As the 4th of July marked a celebratory day of respite from the monotony we've grown accustomed to during the Covid-19 pandemic, the world of men's College Basketball was watching the fallout from the fireworks that Makur Maker set off on the eve of the national holiday.
On July 3, Maker, the nation's 18th ranked recruiting prospect (Rivals.com) verbally committed to the HBCU (historically black colleges and universities) Howard University in Washington, D.C.—instead of a traditional basketball powerhouse such as UCLA or Kentucky. Maker will be the highest ranked basketball recruit, and only five star recruit, to sign on with an HBCU since the recruiting database was created by ESPN in 2007.
While Maker isn't the only top recruit in recent time to discuss playing for an HBCU, he is the only one that has actually gone as far as to commit to one. Trace Young was a three star recruit coming out of high school and played for Wyoming University his freshman year. Young decided to transfer to an HBCU, and in May announced he would be transferring to Alabama State University, one of six HBCU's he narrowed his choices down to.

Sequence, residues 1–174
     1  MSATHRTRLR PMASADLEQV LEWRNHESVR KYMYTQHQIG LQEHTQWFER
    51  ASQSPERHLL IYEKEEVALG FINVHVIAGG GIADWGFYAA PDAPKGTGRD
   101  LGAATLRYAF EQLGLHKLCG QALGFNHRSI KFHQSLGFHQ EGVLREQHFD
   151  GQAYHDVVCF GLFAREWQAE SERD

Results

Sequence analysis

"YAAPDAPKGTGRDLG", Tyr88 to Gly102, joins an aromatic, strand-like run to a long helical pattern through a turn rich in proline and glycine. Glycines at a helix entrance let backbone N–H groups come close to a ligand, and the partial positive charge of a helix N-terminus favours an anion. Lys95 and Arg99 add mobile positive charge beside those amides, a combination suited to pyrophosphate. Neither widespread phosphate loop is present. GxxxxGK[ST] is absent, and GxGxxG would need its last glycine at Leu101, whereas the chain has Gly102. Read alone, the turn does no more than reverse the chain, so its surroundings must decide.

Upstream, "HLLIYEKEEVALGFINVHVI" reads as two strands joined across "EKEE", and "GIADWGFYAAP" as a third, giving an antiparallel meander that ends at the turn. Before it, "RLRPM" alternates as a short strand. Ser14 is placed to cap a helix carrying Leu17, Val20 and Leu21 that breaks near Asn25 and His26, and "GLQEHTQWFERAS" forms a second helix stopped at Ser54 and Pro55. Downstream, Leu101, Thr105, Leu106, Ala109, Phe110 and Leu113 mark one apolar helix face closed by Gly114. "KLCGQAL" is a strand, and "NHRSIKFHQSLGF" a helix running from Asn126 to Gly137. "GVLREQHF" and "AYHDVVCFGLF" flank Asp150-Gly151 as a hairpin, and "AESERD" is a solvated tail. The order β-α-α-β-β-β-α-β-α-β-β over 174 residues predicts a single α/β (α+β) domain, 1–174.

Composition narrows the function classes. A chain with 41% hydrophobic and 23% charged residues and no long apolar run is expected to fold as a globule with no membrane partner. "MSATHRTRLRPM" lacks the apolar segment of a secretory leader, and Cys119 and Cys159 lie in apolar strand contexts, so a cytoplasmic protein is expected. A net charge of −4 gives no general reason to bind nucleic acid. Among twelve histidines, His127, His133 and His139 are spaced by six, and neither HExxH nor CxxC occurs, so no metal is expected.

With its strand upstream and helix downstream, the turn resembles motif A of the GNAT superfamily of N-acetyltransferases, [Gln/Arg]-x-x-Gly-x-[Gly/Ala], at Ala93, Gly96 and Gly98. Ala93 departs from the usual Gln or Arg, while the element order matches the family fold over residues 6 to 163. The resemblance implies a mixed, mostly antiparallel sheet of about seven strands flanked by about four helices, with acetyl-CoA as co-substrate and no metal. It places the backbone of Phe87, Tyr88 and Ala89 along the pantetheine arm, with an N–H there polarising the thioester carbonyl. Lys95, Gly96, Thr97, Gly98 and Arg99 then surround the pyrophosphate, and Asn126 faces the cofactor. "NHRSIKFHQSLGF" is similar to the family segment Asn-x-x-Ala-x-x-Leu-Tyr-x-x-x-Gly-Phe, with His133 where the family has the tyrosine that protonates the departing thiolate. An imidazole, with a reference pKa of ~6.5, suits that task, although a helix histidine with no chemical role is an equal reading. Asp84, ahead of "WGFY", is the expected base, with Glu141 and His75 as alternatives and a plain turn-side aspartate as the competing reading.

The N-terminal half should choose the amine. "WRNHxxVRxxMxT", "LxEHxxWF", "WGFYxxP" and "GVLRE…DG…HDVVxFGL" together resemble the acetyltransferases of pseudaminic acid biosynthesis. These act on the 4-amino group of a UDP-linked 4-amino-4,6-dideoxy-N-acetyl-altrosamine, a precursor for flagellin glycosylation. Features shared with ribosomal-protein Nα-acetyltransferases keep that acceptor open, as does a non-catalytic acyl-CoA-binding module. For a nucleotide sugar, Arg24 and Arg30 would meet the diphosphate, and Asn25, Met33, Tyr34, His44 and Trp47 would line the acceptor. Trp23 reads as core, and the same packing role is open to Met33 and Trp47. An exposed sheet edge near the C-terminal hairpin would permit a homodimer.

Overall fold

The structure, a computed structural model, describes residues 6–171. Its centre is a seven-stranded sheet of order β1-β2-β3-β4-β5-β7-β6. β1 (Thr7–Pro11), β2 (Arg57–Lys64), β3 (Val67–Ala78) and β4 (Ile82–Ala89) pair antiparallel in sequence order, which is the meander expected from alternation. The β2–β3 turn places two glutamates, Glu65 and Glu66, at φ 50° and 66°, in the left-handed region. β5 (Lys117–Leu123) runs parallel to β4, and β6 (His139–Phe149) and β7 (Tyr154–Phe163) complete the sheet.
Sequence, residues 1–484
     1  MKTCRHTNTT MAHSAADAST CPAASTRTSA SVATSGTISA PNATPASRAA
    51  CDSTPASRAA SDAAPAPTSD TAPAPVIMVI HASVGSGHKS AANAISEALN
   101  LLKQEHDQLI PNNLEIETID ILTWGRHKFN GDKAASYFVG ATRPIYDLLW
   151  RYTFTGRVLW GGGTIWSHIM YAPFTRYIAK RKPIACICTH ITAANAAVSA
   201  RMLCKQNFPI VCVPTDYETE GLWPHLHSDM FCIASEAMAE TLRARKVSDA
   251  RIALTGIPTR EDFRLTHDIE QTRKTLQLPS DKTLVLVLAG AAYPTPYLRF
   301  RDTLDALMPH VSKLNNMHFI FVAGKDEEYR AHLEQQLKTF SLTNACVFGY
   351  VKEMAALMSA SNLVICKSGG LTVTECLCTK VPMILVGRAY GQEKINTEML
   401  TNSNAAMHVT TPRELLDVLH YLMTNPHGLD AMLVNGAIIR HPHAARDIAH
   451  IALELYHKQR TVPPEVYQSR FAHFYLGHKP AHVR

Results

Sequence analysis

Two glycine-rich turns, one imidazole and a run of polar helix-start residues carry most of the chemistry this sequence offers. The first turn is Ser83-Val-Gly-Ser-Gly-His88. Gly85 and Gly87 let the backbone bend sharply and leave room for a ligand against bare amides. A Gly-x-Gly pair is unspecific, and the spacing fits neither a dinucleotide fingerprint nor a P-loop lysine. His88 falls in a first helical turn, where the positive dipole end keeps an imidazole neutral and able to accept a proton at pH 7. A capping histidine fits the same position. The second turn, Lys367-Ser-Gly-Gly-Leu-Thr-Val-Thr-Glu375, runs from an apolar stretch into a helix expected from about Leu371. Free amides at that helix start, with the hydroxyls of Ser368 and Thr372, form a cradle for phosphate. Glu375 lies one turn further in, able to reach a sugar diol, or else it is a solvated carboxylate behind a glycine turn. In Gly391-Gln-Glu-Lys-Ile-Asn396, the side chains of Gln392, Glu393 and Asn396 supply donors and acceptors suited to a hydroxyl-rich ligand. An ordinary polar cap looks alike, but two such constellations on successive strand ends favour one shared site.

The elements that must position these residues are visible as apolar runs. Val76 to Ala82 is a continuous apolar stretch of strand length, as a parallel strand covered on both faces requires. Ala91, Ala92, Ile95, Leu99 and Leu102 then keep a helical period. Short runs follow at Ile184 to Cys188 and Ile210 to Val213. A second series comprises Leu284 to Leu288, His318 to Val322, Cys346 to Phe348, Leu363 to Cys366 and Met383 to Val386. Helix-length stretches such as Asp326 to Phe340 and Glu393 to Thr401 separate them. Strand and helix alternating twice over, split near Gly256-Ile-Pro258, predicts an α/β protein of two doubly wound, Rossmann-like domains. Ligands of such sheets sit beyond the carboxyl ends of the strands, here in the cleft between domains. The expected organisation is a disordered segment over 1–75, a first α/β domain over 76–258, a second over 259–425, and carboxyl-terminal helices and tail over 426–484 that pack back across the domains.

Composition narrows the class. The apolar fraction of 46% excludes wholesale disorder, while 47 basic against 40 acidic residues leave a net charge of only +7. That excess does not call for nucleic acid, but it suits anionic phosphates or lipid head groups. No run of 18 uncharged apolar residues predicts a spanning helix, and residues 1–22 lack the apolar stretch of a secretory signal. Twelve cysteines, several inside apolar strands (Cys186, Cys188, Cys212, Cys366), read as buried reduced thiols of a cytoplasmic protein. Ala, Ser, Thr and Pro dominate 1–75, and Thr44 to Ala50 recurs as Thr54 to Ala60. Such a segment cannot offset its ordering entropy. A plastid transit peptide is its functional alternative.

Traditionally, since the inception of the one and done rule in 2006, we have seen top high school recruits attend power conference programs led by high profile coaches that are more synonymous with their schools' identity than any of its players. Since players are required to be 19 years old and a year removed from their high school graduation date in order to be draft eligible for the NBA, American high school prospects have typically taken the route of playing for the colleges that offered high visibility and exposure to improve their draft stock.
This process has kept schools like Duke, Kansas, Kentucky, and Michigan State flush with the nation's top talent for decades as they have the bravado of being home to coaching icons with NBA connections the likes of Mike Kryzyewski, Roy Williams, Bill Self, Tom Izzo, and the notorious John Calipari. Calipari was one of the pioneers in one and done recruiting as he learned to leverage it as a recruiting tactic by selling Kentucky as a one year boot camp to prepare top prospects for the NBA. While Calipari didn't earn a lot of friends or supporters from this approach, it would be one that every major program would have to learn to adopt in order to continue landing top recruits.